Letting Christ’s Fire Ignite Us, 29th Thursday (I), October 26, 2017

Fr. Roger J. Landry
Visitation Convent of the Sisters of Life, Manhattan
Thursday of the 29th Week in Ordinary Time, Year I
Votive Mass for the Family
October 26, 2017
Rom 6:19-23, Ps 1, Lk 12:49-53


To listen to an audio of this homily, please click below: 


The following points were attempted in the homily:

  • “I have come to set the earth on fire,” Jesus tells us today, “and how I wish it were already blazing!” Over the last couple of days, Jesus has described for us how he wants us to have our lamps lit for him; how he wants our loins girt to work with him for and in his kingdom and to run to bring the Gospel to others; how he wants us to be like faithful and prudent stewards who know of their master’s imminent return and care for his menservants and maidservants with the gifts he has given us for that purpose. All of this is meant to be interpreted within what he tells us today, that he ardently desires this and that he wants us to respond to these summons with similar fire. He wants his fire to be in us and our fire to be all-consuming. He wants us to share the fire of his love. The ignition for that world-wide bonfire he has come to set happened on Golgotha, when we were able to witness the Love of God crucified. That’s the reference to “baptism” that Jesus longed to undergo, the baptism of blood on Calvary. There’s no great witness to his fire.
  • But he says that that fire comes with suffering. There were many who responded to his ardent love with coldness or tepidity. There were many who rejected his love. And when we’re inflamed with the same divine fire, we will experience those reactions, too. That’s why Jesus immediately after talking about the fire he seeks to set in us so that we may have our lamps perpetually lit and loins girt as faithful and prudent stewards describes the division that fire will cause. He says that he’s come not to bring “peace,” understood as a life without conflict, but “division,” and even our families would be divided. This was not because Christ is a divider — as he said during the Last Supper and we ponder each Mass, he came to bring us peace and leave us his peace, the fruit of a right relationship with God — but when someone opts for Christ, others who want to be first get jealous and angry, and that’s what divides. This was true in the early Church. Often when Jews converted to Christianity, they were disowned by their family. Still today when a Muslim converts  to Christianity in various fundamentalist Muslim countries, or a Hindu converts in certain fundamentalist areas in India, a contract is put out on them, and most often by the members of his or her own family. Still, too, in many families, when one person becomes on fire for the faith, the tepid members of the family can begin to resist, mock and even persecute, at the “holier-than-you-goodie-two-shoes” in their midst. When one person who has caught the flame of faith wants to respond to Love with the gift of his or her life as a priest, religious or consecrated person, often other family members put up strong opposition. This is what Jesus is describing. The key for all of us is that we see that our choice for Christ must come first, above our other choices, above our other loves, even if we should have to suffer as a result of it. Jesus, after all, has made that choice for us.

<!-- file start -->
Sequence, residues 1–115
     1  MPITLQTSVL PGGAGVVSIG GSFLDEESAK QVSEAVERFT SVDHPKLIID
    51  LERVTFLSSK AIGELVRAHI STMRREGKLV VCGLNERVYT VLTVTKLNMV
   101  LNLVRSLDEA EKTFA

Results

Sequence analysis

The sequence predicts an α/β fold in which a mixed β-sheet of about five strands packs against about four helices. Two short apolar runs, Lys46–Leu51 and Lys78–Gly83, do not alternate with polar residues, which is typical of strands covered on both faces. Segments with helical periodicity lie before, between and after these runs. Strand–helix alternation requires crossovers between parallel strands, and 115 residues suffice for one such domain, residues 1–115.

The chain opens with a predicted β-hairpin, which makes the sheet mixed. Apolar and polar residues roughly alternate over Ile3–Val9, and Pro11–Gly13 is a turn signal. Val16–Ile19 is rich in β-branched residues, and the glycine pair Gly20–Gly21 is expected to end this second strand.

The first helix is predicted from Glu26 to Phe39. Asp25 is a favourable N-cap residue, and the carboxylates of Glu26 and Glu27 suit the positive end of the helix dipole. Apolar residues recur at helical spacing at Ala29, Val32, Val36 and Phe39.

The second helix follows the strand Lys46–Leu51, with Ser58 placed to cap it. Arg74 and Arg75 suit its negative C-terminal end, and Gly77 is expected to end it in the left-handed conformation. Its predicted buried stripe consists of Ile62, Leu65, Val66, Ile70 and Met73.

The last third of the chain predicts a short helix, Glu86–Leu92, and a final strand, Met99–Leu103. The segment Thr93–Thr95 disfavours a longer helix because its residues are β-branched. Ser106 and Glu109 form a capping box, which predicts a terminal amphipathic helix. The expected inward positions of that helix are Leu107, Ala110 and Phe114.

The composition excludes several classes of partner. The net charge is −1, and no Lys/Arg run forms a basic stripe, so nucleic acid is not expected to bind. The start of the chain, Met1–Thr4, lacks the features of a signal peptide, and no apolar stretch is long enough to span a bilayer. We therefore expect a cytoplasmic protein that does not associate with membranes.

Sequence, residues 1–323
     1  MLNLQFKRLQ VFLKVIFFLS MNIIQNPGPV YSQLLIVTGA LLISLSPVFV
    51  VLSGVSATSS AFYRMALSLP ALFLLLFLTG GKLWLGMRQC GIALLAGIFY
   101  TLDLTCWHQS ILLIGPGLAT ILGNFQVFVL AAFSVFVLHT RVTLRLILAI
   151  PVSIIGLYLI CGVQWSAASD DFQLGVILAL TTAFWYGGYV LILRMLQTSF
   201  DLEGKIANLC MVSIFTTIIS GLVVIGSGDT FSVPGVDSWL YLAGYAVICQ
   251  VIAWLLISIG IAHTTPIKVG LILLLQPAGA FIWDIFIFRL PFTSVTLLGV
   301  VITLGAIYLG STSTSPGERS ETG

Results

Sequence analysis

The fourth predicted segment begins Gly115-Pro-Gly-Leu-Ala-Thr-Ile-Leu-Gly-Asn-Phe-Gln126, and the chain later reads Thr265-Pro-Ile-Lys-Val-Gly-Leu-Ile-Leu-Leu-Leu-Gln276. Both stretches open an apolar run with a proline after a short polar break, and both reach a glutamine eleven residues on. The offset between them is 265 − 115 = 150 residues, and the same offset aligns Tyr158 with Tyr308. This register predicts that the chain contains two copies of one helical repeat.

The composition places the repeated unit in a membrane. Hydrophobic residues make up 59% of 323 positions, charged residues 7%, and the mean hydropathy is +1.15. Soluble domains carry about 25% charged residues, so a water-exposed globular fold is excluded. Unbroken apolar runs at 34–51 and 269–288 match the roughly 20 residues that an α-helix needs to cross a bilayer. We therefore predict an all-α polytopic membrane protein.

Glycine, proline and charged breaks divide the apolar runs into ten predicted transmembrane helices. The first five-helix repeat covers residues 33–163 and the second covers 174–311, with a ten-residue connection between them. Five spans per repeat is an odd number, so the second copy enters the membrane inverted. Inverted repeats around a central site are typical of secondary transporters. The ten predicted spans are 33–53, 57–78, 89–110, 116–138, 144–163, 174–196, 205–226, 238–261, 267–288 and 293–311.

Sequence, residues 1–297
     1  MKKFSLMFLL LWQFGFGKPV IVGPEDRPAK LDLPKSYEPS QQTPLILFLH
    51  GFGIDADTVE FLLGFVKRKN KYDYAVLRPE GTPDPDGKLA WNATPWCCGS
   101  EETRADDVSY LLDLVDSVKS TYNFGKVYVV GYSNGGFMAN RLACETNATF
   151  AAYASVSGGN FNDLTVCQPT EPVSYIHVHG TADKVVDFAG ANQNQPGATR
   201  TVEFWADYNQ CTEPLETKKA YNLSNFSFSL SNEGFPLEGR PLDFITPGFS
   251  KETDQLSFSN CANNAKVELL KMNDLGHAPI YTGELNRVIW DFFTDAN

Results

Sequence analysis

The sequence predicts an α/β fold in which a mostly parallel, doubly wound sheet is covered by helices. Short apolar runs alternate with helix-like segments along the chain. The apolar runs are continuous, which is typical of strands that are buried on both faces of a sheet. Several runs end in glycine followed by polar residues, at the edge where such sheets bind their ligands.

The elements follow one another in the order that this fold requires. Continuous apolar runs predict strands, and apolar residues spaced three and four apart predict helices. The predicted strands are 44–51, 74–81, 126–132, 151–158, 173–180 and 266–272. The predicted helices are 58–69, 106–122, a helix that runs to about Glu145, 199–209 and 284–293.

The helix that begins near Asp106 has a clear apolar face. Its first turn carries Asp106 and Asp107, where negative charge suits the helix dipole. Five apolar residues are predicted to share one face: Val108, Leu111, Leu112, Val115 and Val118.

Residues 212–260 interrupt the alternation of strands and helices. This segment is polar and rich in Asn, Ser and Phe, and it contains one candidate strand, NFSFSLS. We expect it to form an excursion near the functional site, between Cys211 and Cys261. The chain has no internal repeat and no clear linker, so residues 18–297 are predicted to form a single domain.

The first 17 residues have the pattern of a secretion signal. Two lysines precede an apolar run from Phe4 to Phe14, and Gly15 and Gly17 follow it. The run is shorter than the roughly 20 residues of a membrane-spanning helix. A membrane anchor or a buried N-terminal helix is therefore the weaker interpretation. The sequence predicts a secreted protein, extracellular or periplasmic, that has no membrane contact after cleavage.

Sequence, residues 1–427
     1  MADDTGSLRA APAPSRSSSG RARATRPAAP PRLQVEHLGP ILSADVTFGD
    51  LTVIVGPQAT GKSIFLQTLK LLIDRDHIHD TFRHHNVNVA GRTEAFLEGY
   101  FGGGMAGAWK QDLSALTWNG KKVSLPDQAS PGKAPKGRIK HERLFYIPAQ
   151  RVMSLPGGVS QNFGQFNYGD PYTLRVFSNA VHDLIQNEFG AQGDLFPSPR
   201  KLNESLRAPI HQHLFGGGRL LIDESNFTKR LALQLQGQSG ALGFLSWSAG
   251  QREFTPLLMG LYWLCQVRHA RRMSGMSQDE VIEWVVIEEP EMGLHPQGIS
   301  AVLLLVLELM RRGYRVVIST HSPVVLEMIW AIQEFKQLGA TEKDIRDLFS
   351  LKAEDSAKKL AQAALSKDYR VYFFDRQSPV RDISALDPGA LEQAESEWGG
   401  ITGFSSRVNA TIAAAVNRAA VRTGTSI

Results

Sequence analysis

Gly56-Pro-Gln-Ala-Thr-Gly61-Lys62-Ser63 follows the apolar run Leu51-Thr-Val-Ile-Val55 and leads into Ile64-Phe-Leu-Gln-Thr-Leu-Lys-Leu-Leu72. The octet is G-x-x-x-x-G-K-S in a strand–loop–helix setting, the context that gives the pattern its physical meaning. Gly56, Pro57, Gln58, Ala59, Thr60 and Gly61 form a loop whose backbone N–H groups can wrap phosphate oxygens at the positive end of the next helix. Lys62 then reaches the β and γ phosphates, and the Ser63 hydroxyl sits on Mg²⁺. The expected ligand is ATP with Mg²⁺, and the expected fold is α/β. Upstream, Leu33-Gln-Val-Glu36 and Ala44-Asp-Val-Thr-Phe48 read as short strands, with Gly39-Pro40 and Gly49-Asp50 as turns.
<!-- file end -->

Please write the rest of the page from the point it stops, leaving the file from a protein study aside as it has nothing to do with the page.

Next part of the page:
• The other readings show some of the consequences of living our faith with the fire of love for God and others. The first Psalm describes the one on fire with love for God as one someone who “follows not the counsel of the wicked nor walks in the way of sinners, nor sits in the company of the insolent, but delights in the law of the Lord and meditates on his law day and night.” In other words, he chooses his friends with care to protect and augment his flame, he delights in Sacred Scripture because the Lord’s word is a lamp for his steps, delights in the Commandments which are expressions of love for God and others, delights in the Lord and perseveringly and faithfully prays about what God has revealed day and night.  The Psalm goes on to say, “He is like a tree planted near running water, that yields its fruit in due season, and whose leaves never fade.” He plants himself, in other words, in Christ, the living water, and that’s the source of continued fruitfulness no matter the season. This is contrasted with the fool, the wicked, who are “like chaff which the wind drives away,” whose way “vanishes.” The this-worldly passions that burn him up leave him unsubstantial, like dead chaff blown away in the breeze.